Bacteria are one of the most abundant and widely studied microorganisms in soil. Microbiologists estimate that one teaspoon of soil can contain up to as many as 1-100 million individual bacteria and a hectare can contain up to 10 billion.
The role of fungi is unparalleled in soil health. It is one of the most important groups of micro-organisms in the decomposition cycle and is probably one of the most resilient too.
Microorganisms like fungi and bacteria use the carbon, nitrogen, and other nutrients in organic matter as food in order to obtain energy to survive. Microscopic soil animals like protozoa, amoebae, nematodes, and mites feed on the organic matter, fungi, bacteria, and each other for the same purpose.
When livestock farmers manage their pasture soils in a manner that supports soil health, in association with good grazing management practices, the result is soil that has the ability to convert carbon dioxide and methane gas into stable forms of carbon in the soil.
The carbon in plants is then transferred to the soil when plant roots and vegetation die and are incorporated into the soil by microorganisms in the soil.
The challenge for farmers is sieving through all these techniques at their disposal and finding that one technique which they understand and identify with – one which is simple and informative enough for them that they would be able to use the results and implement directed management practices on their farm.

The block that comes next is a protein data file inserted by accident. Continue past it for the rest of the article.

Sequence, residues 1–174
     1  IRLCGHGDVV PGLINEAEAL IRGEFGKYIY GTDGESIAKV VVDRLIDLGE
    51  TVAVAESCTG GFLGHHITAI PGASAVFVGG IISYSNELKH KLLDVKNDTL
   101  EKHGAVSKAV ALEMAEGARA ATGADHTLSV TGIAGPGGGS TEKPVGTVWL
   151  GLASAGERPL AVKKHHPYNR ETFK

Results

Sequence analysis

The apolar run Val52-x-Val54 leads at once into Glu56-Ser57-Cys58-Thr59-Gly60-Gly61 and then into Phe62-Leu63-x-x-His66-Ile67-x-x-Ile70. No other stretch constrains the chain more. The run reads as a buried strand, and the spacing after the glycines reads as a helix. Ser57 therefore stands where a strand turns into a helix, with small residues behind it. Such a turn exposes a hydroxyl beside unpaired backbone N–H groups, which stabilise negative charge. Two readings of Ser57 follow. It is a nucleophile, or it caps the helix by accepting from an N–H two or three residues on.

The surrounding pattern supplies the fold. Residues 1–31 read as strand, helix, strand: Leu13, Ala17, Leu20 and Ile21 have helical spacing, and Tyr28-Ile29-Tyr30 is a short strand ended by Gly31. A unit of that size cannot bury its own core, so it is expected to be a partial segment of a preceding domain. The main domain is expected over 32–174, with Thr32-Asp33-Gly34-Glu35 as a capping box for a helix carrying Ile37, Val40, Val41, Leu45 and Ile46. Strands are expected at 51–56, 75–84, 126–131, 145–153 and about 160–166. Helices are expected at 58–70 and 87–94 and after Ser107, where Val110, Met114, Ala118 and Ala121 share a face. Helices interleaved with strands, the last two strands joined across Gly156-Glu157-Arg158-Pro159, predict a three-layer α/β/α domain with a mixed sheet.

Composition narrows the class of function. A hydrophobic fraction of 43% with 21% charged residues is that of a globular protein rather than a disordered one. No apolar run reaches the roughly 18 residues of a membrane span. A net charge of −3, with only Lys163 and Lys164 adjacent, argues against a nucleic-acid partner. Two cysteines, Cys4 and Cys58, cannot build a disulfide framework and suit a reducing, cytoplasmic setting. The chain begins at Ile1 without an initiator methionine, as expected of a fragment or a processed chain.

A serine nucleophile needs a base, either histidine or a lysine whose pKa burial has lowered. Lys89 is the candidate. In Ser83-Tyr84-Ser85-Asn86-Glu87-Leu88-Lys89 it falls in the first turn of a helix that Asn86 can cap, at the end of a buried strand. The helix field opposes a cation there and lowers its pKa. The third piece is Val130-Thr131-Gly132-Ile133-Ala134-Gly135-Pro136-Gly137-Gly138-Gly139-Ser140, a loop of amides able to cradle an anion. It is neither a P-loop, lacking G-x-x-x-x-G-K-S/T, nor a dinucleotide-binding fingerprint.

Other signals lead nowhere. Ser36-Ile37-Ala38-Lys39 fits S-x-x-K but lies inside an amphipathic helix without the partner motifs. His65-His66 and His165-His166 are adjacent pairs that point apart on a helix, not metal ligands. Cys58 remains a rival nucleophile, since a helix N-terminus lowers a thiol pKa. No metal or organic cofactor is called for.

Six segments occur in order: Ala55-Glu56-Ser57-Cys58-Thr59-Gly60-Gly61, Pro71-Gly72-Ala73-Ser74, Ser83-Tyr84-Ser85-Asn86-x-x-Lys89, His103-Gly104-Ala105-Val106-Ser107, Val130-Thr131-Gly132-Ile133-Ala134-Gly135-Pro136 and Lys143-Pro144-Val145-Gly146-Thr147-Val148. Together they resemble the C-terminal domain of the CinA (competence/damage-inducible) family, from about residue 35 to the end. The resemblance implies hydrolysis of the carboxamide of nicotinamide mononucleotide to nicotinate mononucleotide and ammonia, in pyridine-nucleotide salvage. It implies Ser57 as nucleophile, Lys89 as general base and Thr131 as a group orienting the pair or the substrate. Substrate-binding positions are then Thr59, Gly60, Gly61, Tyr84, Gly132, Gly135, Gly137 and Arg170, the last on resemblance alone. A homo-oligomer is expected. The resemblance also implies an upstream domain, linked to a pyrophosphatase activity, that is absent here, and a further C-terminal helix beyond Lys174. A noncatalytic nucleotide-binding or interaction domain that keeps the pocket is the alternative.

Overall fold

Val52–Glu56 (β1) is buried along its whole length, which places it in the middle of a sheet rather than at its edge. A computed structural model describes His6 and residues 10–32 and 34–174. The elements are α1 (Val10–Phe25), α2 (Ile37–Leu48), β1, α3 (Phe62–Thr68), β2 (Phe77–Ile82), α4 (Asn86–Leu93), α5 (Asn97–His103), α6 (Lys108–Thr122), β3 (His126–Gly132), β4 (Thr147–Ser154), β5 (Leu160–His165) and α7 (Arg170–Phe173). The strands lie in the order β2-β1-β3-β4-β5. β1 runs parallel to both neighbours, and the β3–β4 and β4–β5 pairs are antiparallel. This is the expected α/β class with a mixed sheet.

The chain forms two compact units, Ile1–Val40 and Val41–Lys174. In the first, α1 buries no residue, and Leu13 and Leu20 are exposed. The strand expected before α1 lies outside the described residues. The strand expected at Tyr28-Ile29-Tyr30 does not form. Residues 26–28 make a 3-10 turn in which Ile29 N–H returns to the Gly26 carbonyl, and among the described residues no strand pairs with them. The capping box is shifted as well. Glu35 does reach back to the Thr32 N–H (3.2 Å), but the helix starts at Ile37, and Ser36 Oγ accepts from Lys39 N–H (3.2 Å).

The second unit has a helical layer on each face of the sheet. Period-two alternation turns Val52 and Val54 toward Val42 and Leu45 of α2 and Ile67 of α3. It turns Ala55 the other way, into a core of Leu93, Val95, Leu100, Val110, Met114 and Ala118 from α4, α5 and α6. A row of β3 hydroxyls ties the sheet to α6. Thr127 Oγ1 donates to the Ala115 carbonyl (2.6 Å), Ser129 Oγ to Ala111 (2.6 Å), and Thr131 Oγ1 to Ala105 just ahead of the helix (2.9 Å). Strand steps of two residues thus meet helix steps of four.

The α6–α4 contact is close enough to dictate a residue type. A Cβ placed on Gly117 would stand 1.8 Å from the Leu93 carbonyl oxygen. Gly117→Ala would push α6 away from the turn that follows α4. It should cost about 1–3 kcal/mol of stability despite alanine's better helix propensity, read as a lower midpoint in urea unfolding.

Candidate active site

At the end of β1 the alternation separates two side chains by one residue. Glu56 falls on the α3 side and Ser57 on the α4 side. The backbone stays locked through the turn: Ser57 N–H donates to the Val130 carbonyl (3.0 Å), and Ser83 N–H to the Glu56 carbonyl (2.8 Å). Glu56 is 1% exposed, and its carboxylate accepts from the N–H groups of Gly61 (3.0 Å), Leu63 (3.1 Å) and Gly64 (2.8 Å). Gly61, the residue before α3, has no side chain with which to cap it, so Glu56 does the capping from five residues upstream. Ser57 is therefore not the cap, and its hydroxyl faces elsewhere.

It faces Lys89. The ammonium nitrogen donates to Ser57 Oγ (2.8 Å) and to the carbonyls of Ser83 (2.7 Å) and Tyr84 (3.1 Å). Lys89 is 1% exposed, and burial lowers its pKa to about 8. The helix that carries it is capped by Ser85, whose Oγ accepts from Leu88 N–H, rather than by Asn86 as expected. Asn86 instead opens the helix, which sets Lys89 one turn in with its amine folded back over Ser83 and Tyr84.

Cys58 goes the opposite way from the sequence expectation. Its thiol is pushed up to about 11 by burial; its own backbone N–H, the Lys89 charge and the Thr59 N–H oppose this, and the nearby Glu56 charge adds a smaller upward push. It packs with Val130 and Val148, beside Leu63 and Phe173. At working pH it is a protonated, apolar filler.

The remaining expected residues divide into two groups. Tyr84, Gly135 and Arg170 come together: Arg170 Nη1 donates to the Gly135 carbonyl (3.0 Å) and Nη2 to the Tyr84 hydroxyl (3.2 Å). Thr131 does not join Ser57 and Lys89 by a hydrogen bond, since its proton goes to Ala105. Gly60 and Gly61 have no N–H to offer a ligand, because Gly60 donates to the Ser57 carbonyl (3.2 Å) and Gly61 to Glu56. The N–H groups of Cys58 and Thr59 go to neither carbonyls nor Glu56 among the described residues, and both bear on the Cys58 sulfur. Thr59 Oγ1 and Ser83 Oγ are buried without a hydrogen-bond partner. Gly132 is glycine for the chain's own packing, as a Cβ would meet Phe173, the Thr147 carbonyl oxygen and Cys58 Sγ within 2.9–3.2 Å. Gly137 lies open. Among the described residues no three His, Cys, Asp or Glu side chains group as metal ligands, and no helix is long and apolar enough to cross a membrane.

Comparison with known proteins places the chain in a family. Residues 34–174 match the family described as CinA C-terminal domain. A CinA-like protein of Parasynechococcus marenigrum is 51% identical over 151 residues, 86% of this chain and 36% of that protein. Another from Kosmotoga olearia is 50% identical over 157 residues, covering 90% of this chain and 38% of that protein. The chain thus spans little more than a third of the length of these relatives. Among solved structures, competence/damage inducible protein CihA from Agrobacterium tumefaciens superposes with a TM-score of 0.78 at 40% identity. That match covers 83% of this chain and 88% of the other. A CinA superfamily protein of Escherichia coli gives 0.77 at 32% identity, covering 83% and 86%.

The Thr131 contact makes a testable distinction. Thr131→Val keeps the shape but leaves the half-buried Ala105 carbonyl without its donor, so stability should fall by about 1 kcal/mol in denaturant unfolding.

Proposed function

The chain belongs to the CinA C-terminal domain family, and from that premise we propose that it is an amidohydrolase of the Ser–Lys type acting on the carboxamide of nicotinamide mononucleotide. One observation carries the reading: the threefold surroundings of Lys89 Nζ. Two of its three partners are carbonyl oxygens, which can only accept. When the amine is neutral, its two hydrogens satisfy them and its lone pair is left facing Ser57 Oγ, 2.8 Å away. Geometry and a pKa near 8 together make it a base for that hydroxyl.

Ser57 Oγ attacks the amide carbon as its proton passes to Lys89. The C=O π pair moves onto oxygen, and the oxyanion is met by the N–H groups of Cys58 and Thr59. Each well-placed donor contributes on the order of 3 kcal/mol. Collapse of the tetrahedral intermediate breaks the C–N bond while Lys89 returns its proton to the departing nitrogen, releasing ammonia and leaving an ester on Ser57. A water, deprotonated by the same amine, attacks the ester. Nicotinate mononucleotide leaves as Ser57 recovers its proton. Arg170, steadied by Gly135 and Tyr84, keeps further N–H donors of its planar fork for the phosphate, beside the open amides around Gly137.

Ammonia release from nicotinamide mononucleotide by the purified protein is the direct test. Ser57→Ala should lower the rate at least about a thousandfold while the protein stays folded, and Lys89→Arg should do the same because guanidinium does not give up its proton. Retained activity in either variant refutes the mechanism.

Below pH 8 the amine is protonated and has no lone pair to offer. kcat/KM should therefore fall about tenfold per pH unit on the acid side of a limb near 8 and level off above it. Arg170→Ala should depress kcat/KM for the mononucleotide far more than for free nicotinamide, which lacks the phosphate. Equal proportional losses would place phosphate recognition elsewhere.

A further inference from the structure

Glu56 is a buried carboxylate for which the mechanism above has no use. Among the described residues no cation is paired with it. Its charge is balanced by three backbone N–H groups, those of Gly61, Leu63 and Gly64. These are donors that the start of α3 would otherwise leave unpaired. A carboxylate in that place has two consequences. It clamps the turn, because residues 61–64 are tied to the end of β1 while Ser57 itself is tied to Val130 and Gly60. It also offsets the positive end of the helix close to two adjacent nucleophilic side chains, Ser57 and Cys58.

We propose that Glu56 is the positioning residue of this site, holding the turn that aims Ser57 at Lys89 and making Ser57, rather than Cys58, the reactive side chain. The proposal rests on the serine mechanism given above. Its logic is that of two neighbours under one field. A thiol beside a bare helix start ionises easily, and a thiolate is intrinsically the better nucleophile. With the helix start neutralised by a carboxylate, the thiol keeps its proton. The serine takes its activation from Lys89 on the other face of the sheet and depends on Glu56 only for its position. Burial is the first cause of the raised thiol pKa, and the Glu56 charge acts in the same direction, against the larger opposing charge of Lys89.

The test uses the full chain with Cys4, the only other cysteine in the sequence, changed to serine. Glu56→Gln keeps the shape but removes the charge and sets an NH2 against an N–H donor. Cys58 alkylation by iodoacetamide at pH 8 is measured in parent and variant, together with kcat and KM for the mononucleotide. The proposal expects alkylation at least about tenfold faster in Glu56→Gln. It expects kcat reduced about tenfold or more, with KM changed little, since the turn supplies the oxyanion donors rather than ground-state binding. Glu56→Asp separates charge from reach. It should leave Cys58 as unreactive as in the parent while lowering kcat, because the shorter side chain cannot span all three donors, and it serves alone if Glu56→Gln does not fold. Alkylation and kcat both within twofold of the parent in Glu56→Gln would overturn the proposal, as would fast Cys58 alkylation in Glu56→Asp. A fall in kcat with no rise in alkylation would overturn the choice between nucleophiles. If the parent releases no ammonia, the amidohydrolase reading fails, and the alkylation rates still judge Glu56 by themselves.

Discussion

The soil’s ability to hold nutrients is very closely associated with yield potential. Soil management practices that aim to improve cation exchange capacity guarantee higher and cost effective production.
Soil fertility is the soils ability to provide essential nutrients in sufficient quantities as required by the plant. A soil that has a high bulk density will not be able to provide nutrients in sufficient quantities, because bulk density influences the soils ability to infiltrate and store water.
Carbon in the soil is stored in an organic (or passive) form and an active form. The difference between the two is that the active carbon form is readily available as a food source for microbes, whereas the organic form replenishes the active form and is not readily available to all groups of microorganisms.